Stryker has come a long way from the company founded by a Kalamazoo surgeon in 1941. Dr. Homer Stryker started out selling a bed that made it easier for nurses to turn patients and avoid bedsores. Stryker heirs still hold a controlling 24% stake. Brown, a courtly man with a tinge of his native Tennessee in his voice, was hired in 1977 after the founder's son and president, Lee Stryker, died in a plane crash. Two years later, when Brown took Stryker public, bankers told him it would need at least 20% annual earnings gains to be considered a growth stock. Brown got there with a string of savvy acquisitions. The biggest: the $1.65 billion purchase of Howmedica from Pfizer Inc. (PFE) in 1998.

As Brown moved into each new area, he gave division heads plenty of autonomy -- and incentives. Half to two-thirds of officers' bonuses are tied to their results. "If you don't get your numbers, we may empathize and sympathize -- but you don't get paid," he says. The formula paid handsomely for investors, as Stryker stock returned 928% over the past 10 years, vs. 184% for the Standard & Poor's (MHP) 500-stock index. Brown's own stake is worth about $800 million.

To continue that streak, Stryker is counting on aging baby boomers. Their weekend escapades on basketball courts and ski slopes often result in damaged joints. And as Americans become increasingly obese, their weight strains hips and knees. Selling implants to boomers' parents and grandparents has already won Stryker a 24% share of artificial hips and a 19% share in knees.

Shortly after MacMillan signed on, he and Brown hammered out a transition plan at a pancake house. In 2003, Brown was in charge while MacMillan learned the business. This year, the new guy ran day-to-day operations with Brown's oversight. MacMillan immersed himself in learning the medical-devices business. It hasn't all been lab visits and sales calls. While weighing the purchase of SpineCore Inc., a maker of artificial spinal disks, he donned a surgical mask to observe a trial surgery.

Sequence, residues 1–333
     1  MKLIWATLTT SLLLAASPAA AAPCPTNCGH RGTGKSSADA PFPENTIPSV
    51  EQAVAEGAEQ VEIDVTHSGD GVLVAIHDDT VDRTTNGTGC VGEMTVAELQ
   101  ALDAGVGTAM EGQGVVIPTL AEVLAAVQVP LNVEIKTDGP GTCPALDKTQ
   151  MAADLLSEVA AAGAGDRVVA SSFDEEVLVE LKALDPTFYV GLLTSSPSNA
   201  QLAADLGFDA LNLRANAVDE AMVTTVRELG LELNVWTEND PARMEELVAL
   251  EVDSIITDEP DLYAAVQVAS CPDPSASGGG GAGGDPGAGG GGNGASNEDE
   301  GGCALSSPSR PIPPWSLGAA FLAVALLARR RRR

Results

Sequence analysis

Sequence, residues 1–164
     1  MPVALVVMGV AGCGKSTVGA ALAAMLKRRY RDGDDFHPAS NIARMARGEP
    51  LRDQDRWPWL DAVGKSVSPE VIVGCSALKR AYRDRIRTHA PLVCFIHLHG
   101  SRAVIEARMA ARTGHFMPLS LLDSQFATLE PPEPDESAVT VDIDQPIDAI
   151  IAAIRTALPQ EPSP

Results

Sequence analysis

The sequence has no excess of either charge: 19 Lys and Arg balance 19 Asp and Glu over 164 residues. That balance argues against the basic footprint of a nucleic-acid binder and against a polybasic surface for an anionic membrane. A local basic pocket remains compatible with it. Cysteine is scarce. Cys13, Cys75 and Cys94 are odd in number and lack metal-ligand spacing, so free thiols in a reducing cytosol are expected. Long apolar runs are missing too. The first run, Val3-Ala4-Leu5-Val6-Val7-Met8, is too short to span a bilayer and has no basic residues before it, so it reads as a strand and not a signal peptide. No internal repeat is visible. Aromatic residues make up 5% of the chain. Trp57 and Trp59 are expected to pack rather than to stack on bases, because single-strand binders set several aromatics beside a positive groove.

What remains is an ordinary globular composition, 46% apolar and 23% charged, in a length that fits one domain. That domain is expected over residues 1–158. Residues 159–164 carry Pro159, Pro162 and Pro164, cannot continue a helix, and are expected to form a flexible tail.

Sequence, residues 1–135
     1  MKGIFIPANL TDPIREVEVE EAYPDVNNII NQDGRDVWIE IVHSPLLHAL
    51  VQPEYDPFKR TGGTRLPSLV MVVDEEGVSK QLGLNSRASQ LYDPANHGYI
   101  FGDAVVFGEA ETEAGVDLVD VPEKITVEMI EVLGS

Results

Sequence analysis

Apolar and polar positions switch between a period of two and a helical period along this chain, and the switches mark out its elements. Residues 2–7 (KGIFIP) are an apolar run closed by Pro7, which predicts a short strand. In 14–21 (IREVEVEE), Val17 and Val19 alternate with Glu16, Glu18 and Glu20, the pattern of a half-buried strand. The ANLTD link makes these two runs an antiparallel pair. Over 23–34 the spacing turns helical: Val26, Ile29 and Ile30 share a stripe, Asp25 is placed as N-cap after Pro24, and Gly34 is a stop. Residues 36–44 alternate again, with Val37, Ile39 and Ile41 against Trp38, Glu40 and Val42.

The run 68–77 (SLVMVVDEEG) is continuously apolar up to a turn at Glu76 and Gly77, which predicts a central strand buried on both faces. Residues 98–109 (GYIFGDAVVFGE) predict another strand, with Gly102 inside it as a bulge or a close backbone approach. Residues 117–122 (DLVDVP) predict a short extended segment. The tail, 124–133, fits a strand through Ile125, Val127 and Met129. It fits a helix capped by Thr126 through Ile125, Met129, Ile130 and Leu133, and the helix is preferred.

MacMillan cinched that $120 million deal in July, with Brown's backing. MacMillan calls it a research and development investment -- SpineCore's two spine products are still in clinical trials and won't pay off until at least 2008. Stryker's real long-term gamble, though, is OP-1, the growth agent used on traumatic bone breaks that won't heal on their own. Figuring that such substances might one day make current orthopedic implants obsolete, Brown has plowed $300 million into research since 1985. OP-1 is being used in Europe and Asia. In the U.S., the Food & Drug Administration has approved it for limited "humanitarian" uses while trials continue. For now, Stryker's share of bone-growth agents and spinal products is small. Michael F. DeMane, president of Medtronic Inc.'s (MDT) spinal products unit -- which claims nearly half the market -- says Stryker has yet to prove that OP-1 works: "They don't have a product that is a barn burner."

When MacMillan signed up as Brown's successor, he was lured by a lock on the CEO job, of course. But he also has a chance to guide a smaller company to industry leadership. "I look at Stryker as the next J&J," MacMillan says. The trick, he admits, is balancing a vision for Stryker's future while delivering strong profits growth quarter after quarter. Only if he can pull off both will MacMillan deliver on Brown's legacy.

By Kathleen Kerwin in Kalamazoo, Mich., with Michael Arndt in Chicago